If you haven’t read Casey’s meditation on “Hitting the Mark”, I’d encourage you to stop here, and read it before continuing.
As Casey noted, we’ve been looking at the priesthood of Jesus in our study of Hebrews on Wednesday nights. And after making it clear that Jesus’ priesthood is far superior than what went before it, the author focuses on the sacrifices offered by both, and clearly states that it is impossible for the blood of bulls and goats to take away sins.
He then goes on to say, “Therefore, when He comes into the world, He says, ‘Sacrifice and offering Thou hast not desired, but a body Thou hast prepared for Me; in whole burnt offerings and sacrifices for sin Thou hast taken no pleasure. Then I said, “Behold, I have come (in the roll of the book it is written of Me) to do Thy will, O God.”’”
As I was preparing for our study, it struck me how amazing that statement really was. The author was quoting from Psalm 40, and has Jesus, stating through the words of David, that God had prepared for Him a body that would do what the bodies of bulls and goats could never do.
My excitement turned into confusion, however, when I actually read the Psalm. Rather than say “a body Thou hast prepared for Me”, it reads, “My ears Thou hast opened.” Why the change? Did the writer of Hebrews misquote the Psalm to make a point? Surely not.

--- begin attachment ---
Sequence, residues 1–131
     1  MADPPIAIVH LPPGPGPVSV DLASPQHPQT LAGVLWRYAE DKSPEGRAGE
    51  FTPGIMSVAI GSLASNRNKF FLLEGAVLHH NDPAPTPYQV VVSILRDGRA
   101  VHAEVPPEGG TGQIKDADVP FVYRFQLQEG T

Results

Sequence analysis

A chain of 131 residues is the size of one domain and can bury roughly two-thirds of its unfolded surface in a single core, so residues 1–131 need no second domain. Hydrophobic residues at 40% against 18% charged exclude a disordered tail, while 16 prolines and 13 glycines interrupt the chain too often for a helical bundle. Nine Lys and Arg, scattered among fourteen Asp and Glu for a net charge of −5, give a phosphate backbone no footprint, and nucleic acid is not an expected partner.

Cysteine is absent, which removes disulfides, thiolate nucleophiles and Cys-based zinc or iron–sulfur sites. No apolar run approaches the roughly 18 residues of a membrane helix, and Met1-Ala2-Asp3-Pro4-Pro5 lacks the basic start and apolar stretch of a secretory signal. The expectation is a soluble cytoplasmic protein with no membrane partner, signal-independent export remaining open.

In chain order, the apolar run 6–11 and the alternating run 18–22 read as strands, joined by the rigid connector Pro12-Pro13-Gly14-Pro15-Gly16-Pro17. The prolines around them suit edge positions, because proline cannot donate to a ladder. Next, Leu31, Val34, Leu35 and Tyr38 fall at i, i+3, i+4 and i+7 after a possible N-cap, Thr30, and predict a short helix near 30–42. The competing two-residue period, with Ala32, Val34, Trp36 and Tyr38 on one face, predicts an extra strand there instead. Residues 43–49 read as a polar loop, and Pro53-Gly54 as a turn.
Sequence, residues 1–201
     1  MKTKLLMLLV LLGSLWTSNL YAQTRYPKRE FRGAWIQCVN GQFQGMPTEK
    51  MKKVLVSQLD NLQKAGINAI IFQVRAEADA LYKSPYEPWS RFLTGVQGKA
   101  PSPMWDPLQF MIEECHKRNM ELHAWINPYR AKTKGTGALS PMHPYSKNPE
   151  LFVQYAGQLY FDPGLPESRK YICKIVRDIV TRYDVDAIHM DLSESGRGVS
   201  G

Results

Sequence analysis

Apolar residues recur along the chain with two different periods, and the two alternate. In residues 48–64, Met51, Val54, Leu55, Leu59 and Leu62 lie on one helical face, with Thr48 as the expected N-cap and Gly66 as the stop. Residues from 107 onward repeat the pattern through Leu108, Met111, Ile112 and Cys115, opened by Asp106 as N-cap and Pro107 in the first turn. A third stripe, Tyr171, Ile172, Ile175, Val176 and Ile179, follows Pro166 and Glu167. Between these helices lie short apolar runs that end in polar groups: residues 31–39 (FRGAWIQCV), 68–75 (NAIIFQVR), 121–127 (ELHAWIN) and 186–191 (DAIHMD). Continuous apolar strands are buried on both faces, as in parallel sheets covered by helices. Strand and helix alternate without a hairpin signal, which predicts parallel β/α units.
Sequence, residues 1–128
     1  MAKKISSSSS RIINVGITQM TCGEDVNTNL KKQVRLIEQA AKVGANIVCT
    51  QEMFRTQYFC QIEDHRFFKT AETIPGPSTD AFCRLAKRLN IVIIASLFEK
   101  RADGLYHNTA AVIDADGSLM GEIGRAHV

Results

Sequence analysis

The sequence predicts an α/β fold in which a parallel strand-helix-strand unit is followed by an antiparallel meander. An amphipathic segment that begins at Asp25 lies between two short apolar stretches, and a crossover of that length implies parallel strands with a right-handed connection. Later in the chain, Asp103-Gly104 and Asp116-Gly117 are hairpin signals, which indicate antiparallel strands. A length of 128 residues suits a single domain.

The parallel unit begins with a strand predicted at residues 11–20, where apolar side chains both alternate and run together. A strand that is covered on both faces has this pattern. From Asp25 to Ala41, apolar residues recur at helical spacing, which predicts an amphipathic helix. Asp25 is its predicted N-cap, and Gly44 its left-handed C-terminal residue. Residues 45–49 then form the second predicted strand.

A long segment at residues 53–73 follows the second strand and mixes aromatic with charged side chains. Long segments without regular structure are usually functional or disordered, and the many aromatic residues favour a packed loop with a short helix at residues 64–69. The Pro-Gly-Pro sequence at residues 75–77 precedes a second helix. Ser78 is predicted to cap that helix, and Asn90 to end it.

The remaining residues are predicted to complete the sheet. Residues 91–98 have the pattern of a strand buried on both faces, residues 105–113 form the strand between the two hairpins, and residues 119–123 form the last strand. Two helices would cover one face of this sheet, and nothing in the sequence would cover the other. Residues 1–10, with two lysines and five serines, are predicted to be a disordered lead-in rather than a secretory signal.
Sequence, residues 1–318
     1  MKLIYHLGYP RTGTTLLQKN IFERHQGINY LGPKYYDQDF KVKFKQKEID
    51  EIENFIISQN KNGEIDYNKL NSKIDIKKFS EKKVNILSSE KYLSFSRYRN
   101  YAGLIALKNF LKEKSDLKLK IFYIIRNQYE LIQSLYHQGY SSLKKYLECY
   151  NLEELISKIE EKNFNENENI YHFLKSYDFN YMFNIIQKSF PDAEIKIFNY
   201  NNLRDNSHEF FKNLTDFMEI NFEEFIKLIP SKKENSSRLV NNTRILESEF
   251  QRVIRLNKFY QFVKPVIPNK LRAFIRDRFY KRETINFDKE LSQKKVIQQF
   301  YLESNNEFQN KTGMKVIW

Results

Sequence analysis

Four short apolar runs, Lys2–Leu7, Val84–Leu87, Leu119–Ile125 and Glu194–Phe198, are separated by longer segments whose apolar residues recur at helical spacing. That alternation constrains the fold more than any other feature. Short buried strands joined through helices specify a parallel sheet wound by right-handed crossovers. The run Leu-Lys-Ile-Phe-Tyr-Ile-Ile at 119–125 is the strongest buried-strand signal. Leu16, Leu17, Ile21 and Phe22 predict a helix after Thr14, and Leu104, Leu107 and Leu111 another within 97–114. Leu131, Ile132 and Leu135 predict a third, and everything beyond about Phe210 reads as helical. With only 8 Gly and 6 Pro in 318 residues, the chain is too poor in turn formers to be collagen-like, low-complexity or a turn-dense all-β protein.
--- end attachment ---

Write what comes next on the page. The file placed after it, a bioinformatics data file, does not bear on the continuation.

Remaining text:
I quickly checked various translations to see if there was one that read as quoted in Hebrews, but found none. Then I spotted a footnote in the NIV that said, “Hebrew; Septuagint but a body you have prepared for me”. That was an answer that simply raised another question.
The writer of Hebrews obviously quoted from the Greek translation of the Old Testament. But why did seventy Jewish scholars, working nearly 400 years before Christ, change David’s words about having his ears opened to the truth that God didn’t want animal sacrifices, into a prophecy about a sacrificial Messiah they were not looking for? A Messiah who would give His body for the forgiveness of sins.
The only answer I can come up with is that once again we find evidence that the Holy Spirit worked behind the scenes to make sure we could understand why Christ did what He did for us.
God Bless, Rick